Advisory Board

Professor Metin Sitti

The PhysOrg article Robot walks on water said

Water striders, insects that walk on the surface of the water, may never set foot on land in their lives, and yet they’re not swimmers. Over the past million or so years, this insect — sometimes called a water skater — has optimized its use of surface tension to balance its 0.01-gram body on lakes, ponds, and even oceans.
 
Researchers Yun Seong Song, a PhD student in mechanical engineering, and Metin Sitti, assistant professor in mechanical engineering, both from Carnegie Mellon University, have recently built a robot that mimics the water strider’s natural abilities. The first water striding robot, with an appearance and design closely resembling its insect counterpart, doesn’t ever break the surface tension of the water, and is highly maneuverable.
 
Song and Sitti’s small robot is different from other floating robots in that its small mass and long legs enable it to utilize the surface tension force to stay afloat. In contrast, macroscale bodies must rely on buoyancy, which is based on their large volumes. The researchers predict that such a robot might be used for environmental monitoring via wireless communication, as well as for educational and entertainment purposes.

Metin Sitti, Ph.D. is Assistant Professor, Department of Mechanical Engineering and Robotics Institute and Director, NanoRobotics Lab, Carnegie Mellon University. He is Chair, IEEE Nanotechnology Council, Nanorobotics and Nanomanufacturing Technical Committee, Chair, IEEE Robotics and Automation Society, Rapid Prototyping in Robotics and Automation Technical Committee, and Associate Editor, IEEE Transactions on Robotics.
 
Micro- and nanoscale robotic systems constitute Metin’s main research and educational activities. In his NanoRobotics Lab, his major micro/nanorobotics research thrust area is the miniaturization of robots with a variety of locomotion and manipulation capabilities at the small scale. One of his ultimate goals is to scale down some of these robots to sub-millimeter overall sizes. Unique characteristics of these miniature robots are: direct accessibility to smaller spaces and scales; new physics and mechanisms; smaller, faster, light weight, and inexpensive device; massively parallel, large numbers, and distributed operation; and multi length-scale system integration (macro/micro/nano).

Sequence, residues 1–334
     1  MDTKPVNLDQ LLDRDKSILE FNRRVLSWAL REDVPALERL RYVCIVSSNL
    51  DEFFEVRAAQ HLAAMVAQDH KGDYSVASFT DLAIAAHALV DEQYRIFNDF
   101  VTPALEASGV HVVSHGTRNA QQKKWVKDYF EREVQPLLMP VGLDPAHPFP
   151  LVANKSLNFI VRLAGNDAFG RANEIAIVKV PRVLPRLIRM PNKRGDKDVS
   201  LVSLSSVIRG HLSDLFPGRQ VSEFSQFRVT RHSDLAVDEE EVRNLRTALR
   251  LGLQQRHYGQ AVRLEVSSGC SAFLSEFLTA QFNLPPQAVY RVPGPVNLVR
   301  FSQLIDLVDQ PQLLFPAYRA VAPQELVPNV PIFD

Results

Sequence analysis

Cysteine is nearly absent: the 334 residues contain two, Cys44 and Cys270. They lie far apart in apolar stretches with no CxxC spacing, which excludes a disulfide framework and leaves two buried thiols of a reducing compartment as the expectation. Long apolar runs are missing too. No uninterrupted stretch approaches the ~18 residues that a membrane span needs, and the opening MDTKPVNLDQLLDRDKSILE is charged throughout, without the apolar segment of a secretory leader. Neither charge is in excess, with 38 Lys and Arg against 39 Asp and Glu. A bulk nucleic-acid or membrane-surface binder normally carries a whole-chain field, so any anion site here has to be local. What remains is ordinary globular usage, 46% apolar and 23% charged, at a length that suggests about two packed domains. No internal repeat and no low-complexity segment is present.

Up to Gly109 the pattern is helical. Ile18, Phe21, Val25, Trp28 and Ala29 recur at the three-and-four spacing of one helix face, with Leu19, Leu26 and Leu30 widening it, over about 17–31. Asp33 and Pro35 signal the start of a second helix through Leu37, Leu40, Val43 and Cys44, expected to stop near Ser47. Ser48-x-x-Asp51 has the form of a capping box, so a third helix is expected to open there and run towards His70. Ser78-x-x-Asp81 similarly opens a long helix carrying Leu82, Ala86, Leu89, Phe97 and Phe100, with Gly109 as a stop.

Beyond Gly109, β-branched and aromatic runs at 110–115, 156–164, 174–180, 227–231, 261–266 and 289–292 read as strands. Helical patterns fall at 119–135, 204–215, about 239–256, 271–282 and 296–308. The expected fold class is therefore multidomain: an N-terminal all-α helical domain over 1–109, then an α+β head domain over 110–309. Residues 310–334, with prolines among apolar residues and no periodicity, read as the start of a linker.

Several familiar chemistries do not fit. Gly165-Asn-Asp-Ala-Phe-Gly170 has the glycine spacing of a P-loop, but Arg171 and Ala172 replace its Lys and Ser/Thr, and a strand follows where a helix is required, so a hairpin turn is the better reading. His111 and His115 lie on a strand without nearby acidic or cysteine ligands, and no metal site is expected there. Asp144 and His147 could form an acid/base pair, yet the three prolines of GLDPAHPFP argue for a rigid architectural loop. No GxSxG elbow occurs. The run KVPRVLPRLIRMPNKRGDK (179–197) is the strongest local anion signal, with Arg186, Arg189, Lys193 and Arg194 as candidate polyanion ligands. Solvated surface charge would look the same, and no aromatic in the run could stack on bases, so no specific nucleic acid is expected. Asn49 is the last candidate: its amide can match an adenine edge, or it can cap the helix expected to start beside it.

His main research objectives for these robots are: to introduce a system level mechatronic design methodology including new micro/nanoscale physics, mechanisms, actuators, power sources, and control; to develop new micro/nanoscale manipulation, manufacturing and control methods; to propose alternative methods for powering miniature robots; and to demonstrate unique applications for these robots with a positive impact on our society.
 
His approach to realize these above objectives firstly involves developing a biologically inspired miniature robot design methodology. Being inspired by lizards, insects and bacteria, new miniature climbing, crawling, swimming, and water walking robots are proposed. Adapting the just good-enough and efficient solutions of nature at the small scale to miniature robots, repeatable adhesives, new principles of locomotion, and efficient and agile motion mechanisms are introduced. Using these biomimetic robots, many unknown design, locomotion, and material properties of these biological systems are also discovered, leading to scientific contributions.
 
As a second approach, high volume new micro/nanoscale manufacturing and rapid prototyping methods such as laser micro-machining, micro/nanomolding, and parallel micro/nanoassembly methods have been proposed. Using these manufacturing techniques, the aim is to mass-produce miniature robots to have tens or hundreds of them for mobile sensor networks and swarm robotic applications in the future. Currently, only mass-production of gecko inspired polymer microfiber adhesives in wafer scale has been demonstrated. As precision micro/nanoscale manipulation and assembly methods, Atomic force microscope (AFM) probes are used to manipulate micro/nanoentities such as particles, carbon nanotubes, and polymer fibers.
 
Metin authored Nanotribological Characterization System by AFM Based Controlled Pushing, Survey of Nanomanipulation Systems, and PZT Actuated Four-Bar Mechanism with Two Flexible Links for Micromechanical Flying Insect Thorax, and coauthored Evidence for Van Der Waals Adhesion in Gecko Setae, Two-Dimensional Fine Particle Positioning Under Optical Microscope Using a Piezoresistive Cantilever as a Manipulator, Teleoperated Nano Scale Object Manipulation, Wing Transmission for a Micromechanical Flying Insect, and Tele-Touch Feedback of Elastically Deformable Surfaces at the Micro/Nano Scale: Modeling and Experiments. He holds patent Adhesive microstructure and method of forming same.
 
Metin earned his B.Sc. in Electrical and Electronics Engineering and Physics (double major) in 1992 from Bogaziçi University, Istanbul, Turkey. He earned his M.Sc. in Electrical and Electronics Engineering in 1994 from Bogaziçi University, Istanbul, Turkey. His M.Sc. thesis was “Visual Tracking: An Integration of Control and Vision”. He earned his Ph.D. in Electrical Engineering at the University of Tokyo, Institute of Industrial Science, Intelligent Mechatronics Laboratory, Tokyo, Japan in 1999. His Ph.D. thesis was Teleoperated 2-D Micro/Nanomanipulation Using Atomic Force Microscope.
 
Listen to his interview on Talking Robots.